Happy New Year to all our clients and suppliers.
Ray recently spoke to Colette Sexton for the Sunday Business Post about what he thinks is coming up for creativity and advertising in 2018.
Media and Marketing: The Shape of things to come
Industry experts peek into their crystal balls to give Colette Sexton their predictions about what the year ahead might hold in media and marketing
Ray Sheerin, managing director of Chemistry
In 2018, creativity will finally be recognised as the killer weapon it can be when well deployed – for business, not just communications. In a business world overrun with left-brain thinkers thinking their homogenous thoughts, lateral and creative thinking will assume its rightful place in the boardroom. (I must disclose that this prediction is one I’ve been making every year, so I offer no guarantees that it will actually come to pass . . . but I live in hope.)
Omni-channel is something we’ll be hearing much more about. Every new medium ever has falsely predicted the imminent, rapid demise of its predecessors. But all that happens is that each new medium changes the overall communications ecosystem in some way and all media, newcomer included, evolve. For example, like Mark Twain’s, reports of TV’s death was an exaggeration: our agency is not alone in seeing TV actually becoming more effective as a communications medium.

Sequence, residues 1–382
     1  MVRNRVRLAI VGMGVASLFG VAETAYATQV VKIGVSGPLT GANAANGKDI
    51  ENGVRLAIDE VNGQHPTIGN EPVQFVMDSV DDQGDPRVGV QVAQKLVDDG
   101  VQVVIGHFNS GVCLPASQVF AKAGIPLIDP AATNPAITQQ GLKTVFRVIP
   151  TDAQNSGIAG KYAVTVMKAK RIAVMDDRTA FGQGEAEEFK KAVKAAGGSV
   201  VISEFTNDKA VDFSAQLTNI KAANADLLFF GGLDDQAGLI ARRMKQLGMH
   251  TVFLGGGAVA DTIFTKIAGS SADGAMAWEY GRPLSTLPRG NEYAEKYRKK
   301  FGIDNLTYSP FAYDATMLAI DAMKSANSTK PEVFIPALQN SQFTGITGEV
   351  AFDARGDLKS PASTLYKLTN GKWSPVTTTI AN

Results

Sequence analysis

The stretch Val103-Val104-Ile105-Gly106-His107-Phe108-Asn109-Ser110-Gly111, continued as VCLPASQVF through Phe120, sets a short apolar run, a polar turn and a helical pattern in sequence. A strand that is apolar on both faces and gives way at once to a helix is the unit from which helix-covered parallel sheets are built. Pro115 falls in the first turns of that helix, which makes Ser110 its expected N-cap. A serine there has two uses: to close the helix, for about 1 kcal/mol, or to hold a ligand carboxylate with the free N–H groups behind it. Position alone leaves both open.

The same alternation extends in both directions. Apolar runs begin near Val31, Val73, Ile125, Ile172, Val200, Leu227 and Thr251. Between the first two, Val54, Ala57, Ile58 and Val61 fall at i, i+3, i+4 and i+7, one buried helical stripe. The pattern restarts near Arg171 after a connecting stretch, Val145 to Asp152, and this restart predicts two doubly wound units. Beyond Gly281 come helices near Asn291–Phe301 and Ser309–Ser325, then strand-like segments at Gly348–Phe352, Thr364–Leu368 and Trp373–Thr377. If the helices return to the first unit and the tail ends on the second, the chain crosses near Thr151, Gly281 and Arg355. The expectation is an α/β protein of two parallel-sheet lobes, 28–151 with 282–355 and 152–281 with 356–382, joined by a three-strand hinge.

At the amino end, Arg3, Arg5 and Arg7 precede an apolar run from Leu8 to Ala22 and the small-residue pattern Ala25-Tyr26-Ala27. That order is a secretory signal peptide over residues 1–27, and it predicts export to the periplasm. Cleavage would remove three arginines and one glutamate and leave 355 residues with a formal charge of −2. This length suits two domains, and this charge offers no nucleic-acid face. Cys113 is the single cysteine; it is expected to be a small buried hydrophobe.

The ecosystem is now way too complex for any single medium solution to work and the future will be all about using clever combinations of media, each playing to its own strengths, and all together contributing more than the sum of their parts.
My final prediction is that interruption-based communications will die a death. When the consumer is in control of the medium, zero tolerance of interruptions will follow. I regard this as very good news. Legendary British adman Dave Trott estimates that a shocking 89 per cent of all communications in Britain are neither noticed nor remembered. Consumer engagement, adding value to the experience of the medium the consumer happens to be using, not just interrupting it, is no longer a nice add-on to communications: it is now the entire point of communications. Which calls for some seriously good, right-brain, creative thinking.